It's been one year since more than 1,000 brands boycotted Facebook in an effort to stop hate speech. Since then, the civil rights groups behind the movement say while progress has been made to better secure social media from racism, some of the issues that initially propelled the protest have actually gotten worse.
Over the past year Facebook has made strides in cleaning up the platform, including unprecedented brandy safety tests in New Feed, yet marketers say they are watching the social behemoth closely to make sure it delivers on its promises.
On Thursday, the Anti-Defamation League, one of the founding organizers of Stop Hate along with the NAACP, issued a report looking back on the year, grading Facebook on how well—or not—it fulfilled commitments like purging hate speech and disinformation.
“Issues that we raised 12 months ago, we made meaningful progress,” says Jonathan Greenblatt, CEO at the ADL. “For the first time, Facebook agreed to a series of what I would describe as concessions, where they finally made an explicit effort to take down white supremacist groups, to remove racist content, to classify Holocaust denialism as hate speech. They hired a VP of civil rights; they agreed to participate in an audit of their hate content.”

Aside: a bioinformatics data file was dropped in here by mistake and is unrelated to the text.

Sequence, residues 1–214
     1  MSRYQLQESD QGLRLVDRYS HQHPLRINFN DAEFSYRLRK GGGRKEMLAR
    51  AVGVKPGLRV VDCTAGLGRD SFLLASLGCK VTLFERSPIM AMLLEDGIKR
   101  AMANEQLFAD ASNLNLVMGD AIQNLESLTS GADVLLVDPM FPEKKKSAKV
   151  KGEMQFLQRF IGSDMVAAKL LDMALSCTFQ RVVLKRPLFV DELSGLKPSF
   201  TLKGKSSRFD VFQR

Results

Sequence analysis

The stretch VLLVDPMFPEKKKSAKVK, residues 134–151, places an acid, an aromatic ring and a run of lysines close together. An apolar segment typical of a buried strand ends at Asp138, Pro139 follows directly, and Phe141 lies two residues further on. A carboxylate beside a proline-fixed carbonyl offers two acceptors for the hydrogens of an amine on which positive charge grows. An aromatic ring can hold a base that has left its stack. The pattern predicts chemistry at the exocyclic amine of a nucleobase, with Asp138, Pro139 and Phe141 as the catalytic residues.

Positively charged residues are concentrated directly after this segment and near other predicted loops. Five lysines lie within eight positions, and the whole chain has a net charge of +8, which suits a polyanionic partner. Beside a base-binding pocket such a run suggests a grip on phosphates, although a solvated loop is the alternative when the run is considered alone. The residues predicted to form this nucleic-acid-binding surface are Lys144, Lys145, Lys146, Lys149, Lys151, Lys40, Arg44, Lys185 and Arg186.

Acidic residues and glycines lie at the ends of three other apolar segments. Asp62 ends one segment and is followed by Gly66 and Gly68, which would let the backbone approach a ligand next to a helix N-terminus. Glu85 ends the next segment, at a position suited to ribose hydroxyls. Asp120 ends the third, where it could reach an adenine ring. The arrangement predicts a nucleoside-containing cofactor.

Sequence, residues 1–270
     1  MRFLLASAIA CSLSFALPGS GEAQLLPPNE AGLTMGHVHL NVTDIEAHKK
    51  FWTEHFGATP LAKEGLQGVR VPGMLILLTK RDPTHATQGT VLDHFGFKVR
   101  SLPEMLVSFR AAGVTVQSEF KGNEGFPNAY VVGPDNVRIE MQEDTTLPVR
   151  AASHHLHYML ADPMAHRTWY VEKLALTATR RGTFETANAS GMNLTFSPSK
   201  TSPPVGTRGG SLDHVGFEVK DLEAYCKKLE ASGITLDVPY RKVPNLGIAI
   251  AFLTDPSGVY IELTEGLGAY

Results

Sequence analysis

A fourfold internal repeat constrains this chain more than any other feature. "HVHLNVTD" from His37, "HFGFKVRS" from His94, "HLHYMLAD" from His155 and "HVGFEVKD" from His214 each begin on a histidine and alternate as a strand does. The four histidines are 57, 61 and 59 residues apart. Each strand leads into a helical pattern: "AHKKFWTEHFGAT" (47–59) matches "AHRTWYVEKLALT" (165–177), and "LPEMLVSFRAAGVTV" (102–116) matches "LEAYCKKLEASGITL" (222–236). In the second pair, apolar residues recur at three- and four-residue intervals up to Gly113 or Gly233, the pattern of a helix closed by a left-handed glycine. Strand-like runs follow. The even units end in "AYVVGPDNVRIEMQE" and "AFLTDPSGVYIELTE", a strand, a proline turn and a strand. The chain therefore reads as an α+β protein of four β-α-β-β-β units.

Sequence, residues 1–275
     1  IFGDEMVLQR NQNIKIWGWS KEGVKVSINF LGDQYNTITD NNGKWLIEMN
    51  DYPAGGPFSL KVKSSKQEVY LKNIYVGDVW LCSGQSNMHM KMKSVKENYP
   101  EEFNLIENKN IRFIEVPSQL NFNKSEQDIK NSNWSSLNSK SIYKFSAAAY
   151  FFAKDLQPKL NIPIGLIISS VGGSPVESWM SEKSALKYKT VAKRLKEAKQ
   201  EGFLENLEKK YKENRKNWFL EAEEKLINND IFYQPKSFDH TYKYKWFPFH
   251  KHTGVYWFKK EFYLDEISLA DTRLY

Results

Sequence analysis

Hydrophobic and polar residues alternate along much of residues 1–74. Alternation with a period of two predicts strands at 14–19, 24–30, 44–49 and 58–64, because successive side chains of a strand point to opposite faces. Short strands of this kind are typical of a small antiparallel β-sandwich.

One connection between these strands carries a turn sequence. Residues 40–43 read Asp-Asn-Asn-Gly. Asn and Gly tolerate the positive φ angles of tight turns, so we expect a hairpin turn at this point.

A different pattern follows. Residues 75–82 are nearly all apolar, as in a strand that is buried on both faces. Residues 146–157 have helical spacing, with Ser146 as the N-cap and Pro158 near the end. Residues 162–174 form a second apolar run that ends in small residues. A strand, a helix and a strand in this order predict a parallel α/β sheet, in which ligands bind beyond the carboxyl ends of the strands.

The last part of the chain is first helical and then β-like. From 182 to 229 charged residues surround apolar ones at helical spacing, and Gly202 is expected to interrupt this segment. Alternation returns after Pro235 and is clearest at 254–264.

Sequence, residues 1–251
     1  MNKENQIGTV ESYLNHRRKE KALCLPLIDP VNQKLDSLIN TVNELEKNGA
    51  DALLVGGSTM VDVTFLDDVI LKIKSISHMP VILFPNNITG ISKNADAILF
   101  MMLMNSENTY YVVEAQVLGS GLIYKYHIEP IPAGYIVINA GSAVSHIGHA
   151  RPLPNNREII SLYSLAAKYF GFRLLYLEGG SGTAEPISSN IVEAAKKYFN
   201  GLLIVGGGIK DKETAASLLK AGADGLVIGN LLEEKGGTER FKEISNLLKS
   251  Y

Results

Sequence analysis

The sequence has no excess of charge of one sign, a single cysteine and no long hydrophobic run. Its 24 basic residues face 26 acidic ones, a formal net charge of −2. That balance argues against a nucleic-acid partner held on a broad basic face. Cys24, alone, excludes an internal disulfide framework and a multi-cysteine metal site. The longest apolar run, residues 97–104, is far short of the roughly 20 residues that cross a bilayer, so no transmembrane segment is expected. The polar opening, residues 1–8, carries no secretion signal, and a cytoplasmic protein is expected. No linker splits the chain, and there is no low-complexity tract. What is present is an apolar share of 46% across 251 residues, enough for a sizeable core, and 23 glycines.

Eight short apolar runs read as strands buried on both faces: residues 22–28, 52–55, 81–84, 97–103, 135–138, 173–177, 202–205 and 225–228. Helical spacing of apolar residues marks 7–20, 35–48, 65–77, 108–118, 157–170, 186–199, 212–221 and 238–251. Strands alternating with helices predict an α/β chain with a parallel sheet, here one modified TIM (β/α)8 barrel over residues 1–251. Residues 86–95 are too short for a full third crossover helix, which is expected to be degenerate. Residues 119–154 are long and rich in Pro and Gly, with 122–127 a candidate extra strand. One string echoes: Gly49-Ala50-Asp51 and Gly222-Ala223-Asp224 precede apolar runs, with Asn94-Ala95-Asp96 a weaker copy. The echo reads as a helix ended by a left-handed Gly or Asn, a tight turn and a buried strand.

Facebook still saw its share of problems over the year, like the Jan. 6 attack on the Capitol, which was in part caused by hate spread on the platform. Greenblatt says hate also still finds a voice in anti-Semitism and white supremacism.
“It’s become very clear that the concerns that we raised, despite [Facebook’s] protestations and despite their pushback, the issues that we raised have only increased in urgency," Greenblatt says. "The things that we flagged have actually flourished on their services.”
Aba Blankson, NAACP chief marketing and communications officer, said that Stop Hate prodded brands to take responsibility for the platforms they support, and it showed that concerted action works. “Brands have the immense power to hold each other accountable, and urgent responsibility to drive meaningful change,” Blankson said in an email.
“Major brands not only joined the campaign to pause, but examined how their marketing and advertising dollars were being used on social platforms, primarily Facebook, and changed internal advertising policies as a result,” Blankson said. “While Facebook and other platforms updated their policies to mitigate hate and misinformation, they still have more work to do in enforcing those policies in a timely and consistent manner.”
The boycott wound up recruiting more than 1,000 brands, including Verizon, Coca-Cola, Unilever, Honda, North Face, and more. Ad agencies and brands were motivated to act following the police killing of George Floyd last May, when social media became a battleground between civil rights champions and hate groups.
The account of then President Donald Trump became an example of how the most powerful accounts could stoke violence. Trump posted messages suggesting Black Lives Matter protesters should be met with an armed response.
Trump’s accounts on Facebook and Twitter were ultimately banned following the Jan. 6 attack on Congress.
With more than 10 million advertisers, the boycott did not harm Facebook’s bottom line. In fact, Facebook’s ad revenue grew 21% in 2020 to $84 billion.